The earliest forms of writing began with
the expression of ideas through pictures that is now studied under a
branch called Ideography. This mode of expression enabled
people of different origins to communicate with each other. This
however soon became inconvenient and time consuming.
Such impatience led to the development of
the next stage of writing, studied under the branch of Logography
whereby people exchanged thoughts and ideas through signs
that stood for certain words. Instead of drawing a basket of fruits,
for example, people now drew only one sign for the basket and
another for fruits.
People then started following a Syllabic
system in which a particular sign could be used for any other
phonetic combination that sounded like that word. This form of
writing is also called Rebus writing.
The Alphabet system was finally
invented in which individual signs stood for particular
sounds. Most important written languages of the world follow the
History of the alphabet
How the alphabet developed may briefly be encapsulated in
The earliest was the Egyptian writing,
which was a sort of "picture writing". Structurally, it was word and
syllabic writing. It was invented around 3000BC. In this system of
writing, several hundred signs stood for full words or syllables.
They could either represent the whole word by a single sign or with
appropriate signs for each sound. These signs did not specify vowels
comprised of a set of 22 signs, developed about 1000B.C.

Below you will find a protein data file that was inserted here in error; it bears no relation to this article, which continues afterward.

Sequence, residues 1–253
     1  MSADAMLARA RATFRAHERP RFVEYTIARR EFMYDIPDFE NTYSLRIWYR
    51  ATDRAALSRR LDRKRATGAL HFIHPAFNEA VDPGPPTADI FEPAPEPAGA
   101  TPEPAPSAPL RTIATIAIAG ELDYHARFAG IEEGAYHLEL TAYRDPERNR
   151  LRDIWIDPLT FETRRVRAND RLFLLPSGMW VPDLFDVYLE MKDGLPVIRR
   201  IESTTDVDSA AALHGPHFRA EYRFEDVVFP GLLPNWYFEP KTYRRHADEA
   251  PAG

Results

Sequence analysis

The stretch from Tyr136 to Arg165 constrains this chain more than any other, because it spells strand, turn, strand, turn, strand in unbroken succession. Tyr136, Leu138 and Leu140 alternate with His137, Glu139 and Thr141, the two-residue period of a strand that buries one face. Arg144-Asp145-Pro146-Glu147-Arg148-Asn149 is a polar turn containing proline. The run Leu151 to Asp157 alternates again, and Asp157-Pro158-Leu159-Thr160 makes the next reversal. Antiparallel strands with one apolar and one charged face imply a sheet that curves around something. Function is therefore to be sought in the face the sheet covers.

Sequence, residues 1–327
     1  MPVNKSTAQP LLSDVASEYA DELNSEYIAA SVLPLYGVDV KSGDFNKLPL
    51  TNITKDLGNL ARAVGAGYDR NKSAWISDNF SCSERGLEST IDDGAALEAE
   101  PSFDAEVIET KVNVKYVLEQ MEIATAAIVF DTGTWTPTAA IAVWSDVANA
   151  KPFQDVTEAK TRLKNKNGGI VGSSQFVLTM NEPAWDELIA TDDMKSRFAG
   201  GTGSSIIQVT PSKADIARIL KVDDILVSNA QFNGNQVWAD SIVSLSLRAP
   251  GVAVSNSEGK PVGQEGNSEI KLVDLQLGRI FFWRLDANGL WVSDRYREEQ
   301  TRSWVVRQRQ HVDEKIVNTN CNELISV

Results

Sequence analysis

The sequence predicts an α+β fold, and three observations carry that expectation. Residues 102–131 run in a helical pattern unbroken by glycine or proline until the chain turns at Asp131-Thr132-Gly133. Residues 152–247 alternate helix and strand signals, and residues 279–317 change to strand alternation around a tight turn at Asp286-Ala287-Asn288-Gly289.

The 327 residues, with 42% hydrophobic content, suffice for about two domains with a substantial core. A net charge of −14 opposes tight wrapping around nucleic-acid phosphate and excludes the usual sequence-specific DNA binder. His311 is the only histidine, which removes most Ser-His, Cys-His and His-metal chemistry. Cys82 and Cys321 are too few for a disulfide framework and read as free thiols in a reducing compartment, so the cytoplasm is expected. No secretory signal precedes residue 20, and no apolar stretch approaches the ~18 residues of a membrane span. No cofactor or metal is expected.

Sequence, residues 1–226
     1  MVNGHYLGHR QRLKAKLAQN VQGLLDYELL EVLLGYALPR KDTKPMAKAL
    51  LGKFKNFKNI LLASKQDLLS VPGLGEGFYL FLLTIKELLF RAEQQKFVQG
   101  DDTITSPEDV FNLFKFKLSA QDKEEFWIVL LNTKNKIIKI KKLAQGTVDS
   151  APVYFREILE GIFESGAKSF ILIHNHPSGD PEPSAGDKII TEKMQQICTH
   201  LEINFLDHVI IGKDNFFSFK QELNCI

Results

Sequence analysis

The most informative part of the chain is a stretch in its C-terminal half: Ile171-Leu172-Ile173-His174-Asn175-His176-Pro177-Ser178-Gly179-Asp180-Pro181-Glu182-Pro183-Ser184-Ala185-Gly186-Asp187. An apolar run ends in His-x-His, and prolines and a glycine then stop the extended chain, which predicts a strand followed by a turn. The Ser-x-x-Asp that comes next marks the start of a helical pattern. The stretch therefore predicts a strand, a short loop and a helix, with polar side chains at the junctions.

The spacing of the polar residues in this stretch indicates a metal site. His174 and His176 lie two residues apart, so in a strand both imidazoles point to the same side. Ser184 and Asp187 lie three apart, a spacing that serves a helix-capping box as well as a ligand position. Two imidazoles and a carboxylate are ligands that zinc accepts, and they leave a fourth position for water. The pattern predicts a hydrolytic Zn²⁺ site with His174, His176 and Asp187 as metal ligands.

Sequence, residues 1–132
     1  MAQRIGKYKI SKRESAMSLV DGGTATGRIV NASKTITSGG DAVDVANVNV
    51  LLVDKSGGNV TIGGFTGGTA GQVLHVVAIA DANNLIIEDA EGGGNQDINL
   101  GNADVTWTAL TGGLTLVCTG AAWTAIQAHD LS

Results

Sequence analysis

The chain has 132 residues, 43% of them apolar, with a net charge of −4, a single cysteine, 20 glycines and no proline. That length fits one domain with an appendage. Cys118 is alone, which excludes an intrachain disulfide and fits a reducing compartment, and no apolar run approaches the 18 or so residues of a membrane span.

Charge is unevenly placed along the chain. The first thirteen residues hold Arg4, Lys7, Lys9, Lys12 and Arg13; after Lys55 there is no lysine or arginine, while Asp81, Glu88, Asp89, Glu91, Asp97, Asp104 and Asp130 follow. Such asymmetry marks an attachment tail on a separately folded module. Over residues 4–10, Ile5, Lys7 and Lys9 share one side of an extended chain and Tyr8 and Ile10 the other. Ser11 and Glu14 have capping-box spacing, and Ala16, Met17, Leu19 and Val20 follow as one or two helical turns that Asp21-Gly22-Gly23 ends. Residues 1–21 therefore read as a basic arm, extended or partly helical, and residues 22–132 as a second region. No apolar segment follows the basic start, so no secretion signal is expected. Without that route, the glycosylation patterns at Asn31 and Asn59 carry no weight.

Structurally similar to the Egyptian style, these signs too only
specified consonants in syllables and not vowels. Early Phoenician
writing was a mixture of borrowed pictographic forms and invented
The Cypriot style of writing
developed by the people of the Cyprus islands was a collection of 56
The Greek alphabet
was invented about 800 B.C. The Greek style was greatly influenced
by the Phoenician writing, whose symbols were modified to form the
twenty-four letter Greek alphabet. The Phoenician alphabet included
more consonants than the Greeks used and as a result, the Greeks
introduced more vowel sounds. The Greek alphabet could now be used
to spell out any word.
and their signs, in most cases, were adopted by the Greeks for their
alphabet. For example, the first letter of the Phoenician alphabet
called aleph became alpha; the second, beth
became beta and so on.
The Etruscan alphabet
was influenced by the Greek alphabet and was developed about
The Roman alphabet
was a modification of the Etruscan style, initially consisting of
twenty letters, gradually gaining three more.
Sculptors carved the Roman alphabet on a
memorial in honor of Emperor Trojan. They developed the thick and
thin strokes we use today. They also added serifs (little
finishing strokes) at the tops and bottoms of many letters, which
added grace to every letter.
The English alphabet
developed from a number of early writing systems. The Romans had
given most capitals their modern form by A.D.114. But the letters J,
U and W were not added to the alphabet until the Middle Ages.
Linguists today use an almost perfect
alphabet, the International Phonetic Alphabet, which has more than
eighty characters because the regular English alphabet today is not
suited to writing words in English. That is to say, the regular
English alphabet does not have a separate character for every
distinctive sound in the language.
Arabic, Hebrew and Sanskrit
as well as most other Indian scripts developed from the Phoenician
Chinese is the only language
that does not have an alphabetical system of writing. They mostly
make use of pictographic characters. Some Chinese characters can be
used in expressing syllables of proper names or foreign words.
Japanese is basically copied from Chinese; the only difference
being that their characters represent either syllables or words.